If the commission is not satisfied with Meta’s response, it can impose a fine equating to 6% of its global turnover. More immediately, it can carry out on-site investigations and interview company executives, with no deadline publicly fixed to complete the investigation.

In my opinion, parents with young children, who want to view Instagram, should sit down with them and act as a filter for content that is inappropriate for their kids. Clearly, Meta isn’t trying hard enough to keep children safe on their platform.

Meta Wants To Put Students And Teachers In Quest VR Headsets

If Meta has its way, students will tour faraway museums, walk among dinosaurs and view human intestines up close — all from the comfort of their classroom, using Quest, virtual reality (VR) headsets, Axios reported.

Why it matters: As educators grapple with AI and other new tech tools, a deep-pocketed push to turn VR into a classroom staple raises new questions about the future of learning — and what’s best for kids.

According to Axios, the two big companies competing VR/MR (mixed reality) headsets — Meta’s Quest and Apple’s Vision Pro – are heavy, expensive and don’t work for people with some vision impairments.

Plus, there are plenty of VR skeptics who say its much better for kids to communicate and socialize in person without headsets — particularly during school hours.

Meta’s Nick Clegg, President, Global Affairs, posted on the Meta website:

Of all the ways in which metaverse technologies like virtual, mixed, and augmented reality could prove to be transformative, the potential they have for education is one of the most exciting.

For most of us, learning is social — we learn from and with others, and from each other’s experiences. It’s about interaction and discussion as much as it is about absorbing facts. That’s why the unique feeling of presence and immersion these technologies create can be so impactful in education.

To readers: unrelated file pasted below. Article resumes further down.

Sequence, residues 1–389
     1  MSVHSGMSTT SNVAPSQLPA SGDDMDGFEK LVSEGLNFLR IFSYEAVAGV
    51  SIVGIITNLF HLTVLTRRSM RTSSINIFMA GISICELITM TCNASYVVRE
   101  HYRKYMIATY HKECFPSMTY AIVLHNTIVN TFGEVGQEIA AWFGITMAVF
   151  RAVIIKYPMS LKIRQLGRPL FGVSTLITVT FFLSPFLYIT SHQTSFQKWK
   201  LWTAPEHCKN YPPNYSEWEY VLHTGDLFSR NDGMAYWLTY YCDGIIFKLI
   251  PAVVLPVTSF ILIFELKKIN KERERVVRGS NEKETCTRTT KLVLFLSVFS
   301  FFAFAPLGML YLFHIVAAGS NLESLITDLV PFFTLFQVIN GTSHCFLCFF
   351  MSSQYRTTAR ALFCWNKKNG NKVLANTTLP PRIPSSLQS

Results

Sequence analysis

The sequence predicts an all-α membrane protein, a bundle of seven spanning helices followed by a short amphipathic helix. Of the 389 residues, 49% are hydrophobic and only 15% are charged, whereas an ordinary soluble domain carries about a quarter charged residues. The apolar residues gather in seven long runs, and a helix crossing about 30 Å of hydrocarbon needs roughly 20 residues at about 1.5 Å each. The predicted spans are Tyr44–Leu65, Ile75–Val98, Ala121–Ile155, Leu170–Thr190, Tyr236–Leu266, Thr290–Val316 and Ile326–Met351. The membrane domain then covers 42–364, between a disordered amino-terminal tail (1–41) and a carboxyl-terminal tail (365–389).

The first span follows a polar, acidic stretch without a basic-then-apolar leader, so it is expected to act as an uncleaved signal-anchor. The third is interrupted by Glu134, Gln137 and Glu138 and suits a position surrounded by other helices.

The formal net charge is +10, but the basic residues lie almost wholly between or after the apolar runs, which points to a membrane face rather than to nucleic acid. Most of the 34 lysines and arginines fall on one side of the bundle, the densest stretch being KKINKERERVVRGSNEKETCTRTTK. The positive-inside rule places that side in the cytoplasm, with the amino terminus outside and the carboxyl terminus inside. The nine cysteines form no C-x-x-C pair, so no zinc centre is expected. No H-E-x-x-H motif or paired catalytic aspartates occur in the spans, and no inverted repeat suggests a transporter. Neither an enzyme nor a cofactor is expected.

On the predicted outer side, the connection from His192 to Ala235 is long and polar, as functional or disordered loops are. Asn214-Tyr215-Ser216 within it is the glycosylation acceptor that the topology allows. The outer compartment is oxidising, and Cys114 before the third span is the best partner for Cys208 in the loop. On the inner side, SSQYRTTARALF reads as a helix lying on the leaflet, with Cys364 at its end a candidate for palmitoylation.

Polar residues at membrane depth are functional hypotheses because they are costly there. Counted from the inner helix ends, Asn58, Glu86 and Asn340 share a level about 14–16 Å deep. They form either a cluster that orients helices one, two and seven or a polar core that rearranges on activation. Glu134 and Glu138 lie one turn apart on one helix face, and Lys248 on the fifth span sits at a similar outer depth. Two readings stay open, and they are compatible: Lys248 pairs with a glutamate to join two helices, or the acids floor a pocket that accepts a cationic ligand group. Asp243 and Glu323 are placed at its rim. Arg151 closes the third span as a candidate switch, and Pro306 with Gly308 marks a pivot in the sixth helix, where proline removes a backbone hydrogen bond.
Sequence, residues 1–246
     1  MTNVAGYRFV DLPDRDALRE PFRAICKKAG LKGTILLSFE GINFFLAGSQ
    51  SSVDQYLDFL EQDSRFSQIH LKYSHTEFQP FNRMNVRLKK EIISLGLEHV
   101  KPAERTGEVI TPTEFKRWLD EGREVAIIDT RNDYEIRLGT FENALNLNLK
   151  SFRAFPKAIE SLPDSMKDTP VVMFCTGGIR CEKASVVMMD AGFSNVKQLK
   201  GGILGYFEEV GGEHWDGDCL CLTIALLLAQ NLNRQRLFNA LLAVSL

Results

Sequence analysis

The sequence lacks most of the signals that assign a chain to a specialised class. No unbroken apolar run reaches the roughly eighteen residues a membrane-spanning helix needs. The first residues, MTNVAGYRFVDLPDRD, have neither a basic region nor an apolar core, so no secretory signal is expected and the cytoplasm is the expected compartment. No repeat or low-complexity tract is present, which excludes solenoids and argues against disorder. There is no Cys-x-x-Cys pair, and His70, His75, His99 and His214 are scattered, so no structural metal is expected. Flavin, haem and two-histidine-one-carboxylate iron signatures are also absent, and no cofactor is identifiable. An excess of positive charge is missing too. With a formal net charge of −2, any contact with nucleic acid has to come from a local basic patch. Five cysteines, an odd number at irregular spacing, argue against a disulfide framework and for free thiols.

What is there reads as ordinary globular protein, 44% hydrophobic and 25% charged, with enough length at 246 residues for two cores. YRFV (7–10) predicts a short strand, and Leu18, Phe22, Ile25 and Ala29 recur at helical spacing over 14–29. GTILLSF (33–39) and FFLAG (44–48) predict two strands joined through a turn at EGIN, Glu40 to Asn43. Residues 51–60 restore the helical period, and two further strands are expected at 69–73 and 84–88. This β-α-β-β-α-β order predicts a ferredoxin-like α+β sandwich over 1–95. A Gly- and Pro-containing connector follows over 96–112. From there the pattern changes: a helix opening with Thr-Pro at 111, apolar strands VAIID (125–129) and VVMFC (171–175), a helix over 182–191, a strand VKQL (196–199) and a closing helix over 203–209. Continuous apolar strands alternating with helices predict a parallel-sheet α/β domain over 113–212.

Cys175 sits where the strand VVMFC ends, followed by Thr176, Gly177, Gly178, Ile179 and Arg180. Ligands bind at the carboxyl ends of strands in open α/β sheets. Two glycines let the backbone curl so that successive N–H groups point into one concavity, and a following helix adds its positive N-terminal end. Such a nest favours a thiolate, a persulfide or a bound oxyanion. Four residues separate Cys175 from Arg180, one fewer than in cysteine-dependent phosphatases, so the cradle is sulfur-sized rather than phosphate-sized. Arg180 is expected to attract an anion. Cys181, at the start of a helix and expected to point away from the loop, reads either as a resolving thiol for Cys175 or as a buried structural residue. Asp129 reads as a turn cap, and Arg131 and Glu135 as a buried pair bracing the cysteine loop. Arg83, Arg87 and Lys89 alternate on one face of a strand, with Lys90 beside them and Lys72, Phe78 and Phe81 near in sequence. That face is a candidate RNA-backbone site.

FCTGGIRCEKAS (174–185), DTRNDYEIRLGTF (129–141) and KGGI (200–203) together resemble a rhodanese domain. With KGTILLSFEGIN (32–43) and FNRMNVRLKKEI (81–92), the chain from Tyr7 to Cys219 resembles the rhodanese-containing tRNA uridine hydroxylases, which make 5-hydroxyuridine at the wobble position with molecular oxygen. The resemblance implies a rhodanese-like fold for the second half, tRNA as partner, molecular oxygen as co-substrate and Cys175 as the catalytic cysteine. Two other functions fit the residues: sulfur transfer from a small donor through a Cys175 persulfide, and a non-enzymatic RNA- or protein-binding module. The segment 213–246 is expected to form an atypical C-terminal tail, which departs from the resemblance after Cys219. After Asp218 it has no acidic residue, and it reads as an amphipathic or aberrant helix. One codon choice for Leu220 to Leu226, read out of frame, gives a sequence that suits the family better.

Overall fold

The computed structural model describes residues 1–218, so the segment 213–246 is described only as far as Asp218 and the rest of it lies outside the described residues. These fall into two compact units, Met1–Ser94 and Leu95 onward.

They also make things possible that are impossible in the physical world. Instead of telling students that what the dinosaurs were like, they can walk among them. Virtual science laboratories can be built and filled with equipment that most schools would never be able to afford. Classes can go on field trips to the best museums, no matter how far away they are. And they can be used to take the risk out of otherwise dangerous or expensive technical or vocational training…

…To make it easier for educators, later this year Meta will be launching a new product offering for Quest devices dedicated to education, just as last year’s Meta Quest for Business was designed for the workplace. It will allow teachers, trainers, and features, and make it possible for them to manage multiple Quest devices at once, without the need for each device in a classroom or training environment to be updated or prepared individually. This will save teachers time and allow students to pick up the headsets and get started right away — something that educators using our devices have consistently told us they want…